Malaysia is a remarkable country by many metrics, highlighted by the Growth Commission as one of the world’s fastest growing economies. It has transformed itself from a low-income, agriculture-oriented economy, to a modern, trade-oriented one that is on the cusp of reaching high-income status within the next few years. To most economists, especially those looking from the outside, Malaysia appears to be doing very well. Growth is strong, at 5.9% last year and projected at 5.4% this year. Inflation is low, at just 1.8% in May 2018, and incomes are high, approaching the magic US$12,055 threshold that marks an exit from the middle-income status that so many see as a trap.
Yet, during this success, Malaysia has just gone through its first change of government in over sixty years. An intensely fought campaign saw cost of living issues featured prominently, as well as a debate on whether economic growth is really being translated into gains that improve the lives of Malaysians. Talking to ordinary Malaysians, it quickly becomes apparent that there is a large disconnect between what the numbers show and how people feel.
In the new edition of the Malaysia Economic Monitor, we try to help explain this disconnect and look beyond the averages. What we find is that, while average growth might be robust, there is a growing disparity between Malaysians working in services versus manufacturing. Wages in the manufacturing sector, which is mostly export-oriented, are growing at four times as in services.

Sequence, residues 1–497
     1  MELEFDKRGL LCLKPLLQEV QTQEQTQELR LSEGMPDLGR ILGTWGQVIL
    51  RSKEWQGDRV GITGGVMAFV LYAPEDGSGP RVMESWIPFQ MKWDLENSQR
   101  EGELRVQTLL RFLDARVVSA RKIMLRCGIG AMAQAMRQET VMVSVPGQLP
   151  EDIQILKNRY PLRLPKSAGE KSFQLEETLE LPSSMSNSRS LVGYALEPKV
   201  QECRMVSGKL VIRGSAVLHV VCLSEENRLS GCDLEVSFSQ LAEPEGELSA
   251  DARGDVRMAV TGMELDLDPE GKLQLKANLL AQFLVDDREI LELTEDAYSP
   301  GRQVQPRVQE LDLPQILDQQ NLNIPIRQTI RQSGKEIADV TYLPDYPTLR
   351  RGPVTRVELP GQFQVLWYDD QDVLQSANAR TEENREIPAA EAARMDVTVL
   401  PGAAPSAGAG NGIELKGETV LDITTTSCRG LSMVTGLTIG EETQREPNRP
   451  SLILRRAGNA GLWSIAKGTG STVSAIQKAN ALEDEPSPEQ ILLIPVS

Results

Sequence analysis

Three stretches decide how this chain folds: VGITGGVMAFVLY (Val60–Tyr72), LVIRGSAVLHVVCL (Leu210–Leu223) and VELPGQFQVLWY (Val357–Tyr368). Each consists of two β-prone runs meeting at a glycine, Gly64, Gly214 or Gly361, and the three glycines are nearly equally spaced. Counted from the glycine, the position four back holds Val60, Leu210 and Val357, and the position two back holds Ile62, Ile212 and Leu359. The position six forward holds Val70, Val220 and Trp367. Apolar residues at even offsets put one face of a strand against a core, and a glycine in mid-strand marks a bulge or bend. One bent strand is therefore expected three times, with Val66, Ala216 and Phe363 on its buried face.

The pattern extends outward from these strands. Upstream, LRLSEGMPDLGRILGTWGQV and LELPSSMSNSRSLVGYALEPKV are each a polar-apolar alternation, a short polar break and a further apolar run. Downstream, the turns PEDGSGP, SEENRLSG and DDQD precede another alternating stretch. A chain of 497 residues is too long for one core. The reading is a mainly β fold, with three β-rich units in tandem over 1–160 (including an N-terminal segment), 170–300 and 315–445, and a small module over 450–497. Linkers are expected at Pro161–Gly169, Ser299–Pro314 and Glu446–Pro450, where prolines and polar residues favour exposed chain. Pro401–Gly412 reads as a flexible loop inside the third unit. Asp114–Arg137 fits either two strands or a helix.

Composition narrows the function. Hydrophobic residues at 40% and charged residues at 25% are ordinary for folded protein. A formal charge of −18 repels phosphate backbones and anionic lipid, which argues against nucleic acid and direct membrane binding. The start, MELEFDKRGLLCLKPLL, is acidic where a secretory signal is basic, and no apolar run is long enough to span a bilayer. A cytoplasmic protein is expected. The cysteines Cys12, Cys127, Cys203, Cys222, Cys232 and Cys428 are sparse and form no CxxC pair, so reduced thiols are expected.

Similarly, while average inflation might be low, food and housing costs have been rising at a much faster pace for several years, even more so in urban areas, where they are now a third higher than in 2010. Low-income households spend much more of their income on food and housing, and in fact, the poorest 10% of Malaysians spend two thirds of their income on these two items, which have seen the greatest cost build-up.
Coupled with stagnant wage growth for those outside manufacturing, it then becomes clearer why many Malaysians feel that growth isn’t benefitting them. Ensuring that people have greater opportunities to improve their lives and access to social safety nets to help protect them from shocks are essential to inclusive growth.
Malaysia’s historic elections show that change is possible and today, the country has a unique window of opportunity to deepen reforms and to ensure that proceeds of economic growth can be broadened to benefit everyone. While change has brought some uncertainty, Malaysia now has a chance to undertake bold reforms.
We see priorities that include measures to raise the productivity level, strengthen the provision of social assistance for low-income households, and facilitate the achievement of inclusive growth, through policies that level the playing field in access to services and economic opportunities (including measures to increase women’s labor force participation).
Indeed, as the country moves closer towards achieving high-income country status, it is important to be aware of the broader aspects of development that are not captured by GDP growth such as in health, education and environmental sustainability.
Navigating this change won’t be easy, but the country now has an opportunity to become known as a nation that is remarkable for not just achieving high rates of economic growth, but for sustainable and inclusive growth that truly benefits all Malaysians.